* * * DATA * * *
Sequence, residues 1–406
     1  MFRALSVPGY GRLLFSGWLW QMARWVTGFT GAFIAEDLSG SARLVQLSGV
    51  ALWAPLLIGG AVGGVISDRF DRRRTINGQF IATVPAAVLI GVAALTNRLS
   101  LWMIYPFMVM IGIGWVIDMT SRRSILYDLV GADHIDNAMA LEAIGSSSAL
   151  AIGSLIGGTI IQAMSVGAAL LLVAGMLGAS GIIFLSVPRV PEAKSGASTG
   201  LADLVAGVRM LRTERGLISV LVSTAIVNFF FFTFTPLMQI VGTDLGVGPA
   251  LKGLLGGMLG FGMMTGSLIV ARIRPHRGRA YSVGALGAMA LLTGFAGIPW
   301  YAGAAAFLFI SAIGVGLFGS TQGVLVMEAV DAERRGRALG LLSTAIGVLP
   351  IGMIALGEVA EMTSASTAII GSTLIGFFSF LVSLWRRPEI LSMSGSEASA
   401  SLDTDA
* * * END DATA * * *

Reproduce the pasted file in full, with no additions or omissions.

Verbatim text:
Sequence, residues 1–406
     1  MFRALSVPGY GRLLFSGWLW QMARWVTGFT GAFIAEDLSG SARLVQLSGV
    51  ALWAPLLIGG AVGGVISDRF DRRRTINGQF IATVPAAVLI GVAALTNRLS
   101  LWMIYPFMVM IGIGWVIDMT SRRSILYDLV GADHIDNAMA LEAIGSSSAL
   151  AIGSLIGGTI IQAMSVGAAL LLVAGMLGAS GIIFLSVPRV PEAKSGASTG
   201  LADLVAGVRM LRTERGLISV LVSTAIVNFF FFTFTPLMQI VGTDLGVGPA
   251  LKGLLGGMLG FGMMTGSLIV ARIRPHRGRA YSVGALGAMA LLTGFAGIPW
   301  YAGAAAFLFI SAIGVGLFGS TQGVLVMEAV DAERRGRALG LLSTAIGVLP
   351  IGMIALGEVA EMTSASTAII GSTLIGFFSF LVSLWRRPEI LSMSGSEASA
   401  SLDTDA